It felt real good to be remembered and welcomed, so I listened hard in the class and did whatever the professor asked of me. He ended up taking me under his wing and for the next three years I acted in most of the University’s productions. I also knew how to use all the power tools in the shop, which gained the attention of the technical theatre professor. He ended up giving me a job and I built sets for the productions, until I graduated. From there, I went on to act, write, build, produce and go broke in the theatre all over the country. A million things happened along the way and The Road took a million turns as one show led to another – all of it leading me to Cat, Lexie and May on a Sunday afternoon in a theatre in the Atwater Village neighborhood of Los Angeles, California …as if the only purpose of those 17 years was to lead me to them, at that location of spacetime. Those years passed by so, so fast. That Sunday, I could still feel that mullet against my neck, smell the gasoline on my fingers as those three giggly 21 year olds bounced around to the swingin’ hits of the 90s. But my aching back and throbbing knees made it clear that 17 years have, in fact, passed by…and I was no longer the young one in the group.
Later that week, I went back to ISC and continued working on the set. A number things needed to be made safe or more cosmetic. Squeaky flooring needed to be fixed. Wires needed to be run for light and sound. Furniture peices needed to be built. Cat and I goofed off here and there as we worked, but Opening Night was getting nearer, so there were long quiet stretches here and there, as the two of us focused, worked faster and moved from one task to the next. Kevin was there on both days, working hard right up until rehearsal time. And so was Andre, helping, wandering, mumbling…
Just before rehearsal on Friday, the set was nearly complete. I was getting ready to leave when my buddy, Sean – who was also in the play – came in. We caught up and made plans to start working on a short film we’ve wanted to make together. I was tired from working, but talking with Sean about the project invigorated me, and my knees and back didn’t ache so much anymore. By the time Sean and I were finished discussing the project, the other members of the company had arrived. The stage manager was setting the props. Actors were running lines or discussing parts of the play. Every now and then, one of the actors would grab Andre by the arm and run a few lines with him, then leave him to his mumbling and wandering.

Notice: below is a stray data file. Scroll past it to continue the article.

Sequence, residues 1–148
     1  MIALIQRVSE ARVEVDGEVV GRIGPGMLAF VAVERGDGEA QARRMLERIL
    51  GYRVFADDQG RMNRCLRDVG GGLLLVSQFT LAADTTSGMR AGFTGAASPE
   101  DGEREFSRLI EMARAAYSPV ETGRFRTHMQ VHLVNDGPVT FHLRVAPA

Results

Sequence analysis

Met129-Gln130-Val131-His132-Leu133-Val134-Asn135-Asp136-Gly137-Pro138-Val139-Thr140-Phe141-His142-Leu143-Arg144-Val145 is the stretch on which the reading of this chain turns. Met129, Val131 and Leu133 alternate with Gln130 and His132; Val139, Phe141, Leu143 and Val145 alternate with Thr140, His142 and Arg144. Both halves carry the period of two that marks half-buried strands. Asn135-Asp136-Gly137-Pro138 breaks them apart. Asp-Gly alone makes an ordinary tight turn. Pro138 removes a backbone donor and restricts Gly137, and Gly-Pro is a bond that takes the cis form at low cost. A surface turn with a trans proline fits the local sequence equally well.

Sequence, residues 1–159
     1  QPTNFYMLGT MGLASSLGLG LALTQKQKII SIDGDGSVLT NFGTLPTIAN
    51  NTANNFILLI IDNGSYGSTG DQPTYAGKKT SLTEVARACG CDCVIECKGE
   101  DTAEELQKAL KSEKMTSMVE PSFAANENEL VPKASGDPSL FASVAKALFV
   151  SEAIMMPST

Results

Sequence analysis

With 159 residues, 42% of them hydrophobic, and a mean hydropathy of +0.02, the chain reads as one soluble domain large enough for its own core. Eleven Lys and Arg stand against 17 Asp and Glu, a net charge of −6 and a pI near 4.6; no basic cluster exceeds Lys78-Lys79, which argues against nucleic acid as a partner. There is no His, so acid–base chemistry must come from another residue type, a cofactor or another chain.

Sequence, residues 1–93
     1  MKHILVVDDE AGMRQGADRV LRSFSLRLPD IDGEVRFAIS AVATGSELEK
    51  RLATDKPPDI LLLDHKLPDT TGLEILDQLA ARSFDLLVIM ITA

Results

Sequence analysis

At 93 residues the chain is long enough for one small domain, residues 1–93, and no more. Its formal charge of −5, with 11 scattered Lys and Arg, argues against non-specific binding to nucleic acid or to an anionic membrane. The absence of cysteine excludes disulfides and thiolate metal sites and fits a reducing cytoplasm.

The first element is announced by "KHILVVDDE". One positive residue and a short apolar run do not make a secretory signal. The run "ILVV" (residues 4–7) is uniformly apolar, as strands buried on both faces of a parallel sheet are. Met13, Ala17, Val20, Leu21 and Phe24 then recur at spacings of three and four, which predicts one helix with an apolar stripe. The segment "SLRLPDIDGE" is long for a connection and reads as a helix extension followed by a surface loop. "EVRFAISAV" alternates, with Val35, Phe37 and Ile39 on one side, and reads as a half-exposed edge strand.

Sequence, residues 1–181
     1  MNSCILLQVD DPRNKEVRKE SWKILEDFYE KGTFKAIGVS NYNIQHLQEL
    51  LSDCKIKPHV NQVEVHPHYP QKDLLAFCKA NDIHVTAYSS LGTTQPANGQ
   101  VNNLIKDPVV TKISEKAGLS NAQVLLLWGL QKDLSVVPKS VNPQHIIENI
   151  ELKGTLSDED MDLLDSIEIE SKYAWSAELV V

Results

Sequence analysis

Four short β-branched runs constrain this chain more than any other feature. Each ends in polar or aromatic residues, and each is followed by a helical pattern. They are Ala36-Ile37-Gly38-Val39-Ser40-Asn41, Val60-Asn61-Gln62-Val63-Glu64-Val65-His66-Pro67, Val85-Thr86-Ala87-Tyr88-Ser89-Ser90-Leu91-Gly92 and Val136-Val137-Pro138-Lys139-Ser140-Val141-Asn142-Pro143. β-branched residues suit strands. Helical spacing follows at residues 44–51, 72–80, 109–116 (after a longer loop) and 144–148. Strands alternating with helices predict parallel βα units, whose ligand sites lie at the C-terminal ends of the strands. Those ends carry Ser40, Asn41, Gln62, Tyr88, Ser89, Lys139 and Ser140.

Everyone came in from there own long, real day. Their few short hours of make-believe together would begin when Melissa, the director, arrived. When she did, she looked just as tired of as the rest, yet bounced around – energetic, in good cheer – also like everybody else. Everyone was ready to work on the Life that rages on in Cyrano de Bergerac.
If you’re not familiar with the play, it centers on Cyrano, a archetypal Frenchmen – a duellist, poet, musician, an all around Renaissance Man, possessing a profound panache. But he’s also cursed with a ridiculously long nose which puts a pretty big dent in his self-esteem – and, therefore, his panache – everytime he enters the presence of the beautiful Roxanne. Cyrano loves Roxanne, but doesn’t have the stones to tell her. Another man, Christian, loves Roxanne, too, but doesn’t have the panache to adequately express his love for her. So, Cyrano writes beautiful letters dripping with panache on Christian’s behalf. Roxanne reads the letters and falls in love with Christian, leaving Cyrano to wander alone, as the odd man out, unable to reap the benefits of his panache. Not until many years later, after Christian has died, and Cyrano is dying, does Roxanne find out that the letters that triggered her love for Christian were written by Cyrano, that it was his panache that awoke the love inside her. But by then, it’s too late. Cyrano est mort…the panache is gone…c’est la vie. The play’s filled with love, longing, fellowship, happiness, loneliness, death, deception, there’s tender moments with poetry, harsh moments filled with danger, it’s funny and sad and a there’s even sword fight.
Just like the last 17 years of my life, probably your life, too…avec ou sans the swords, big nose or not.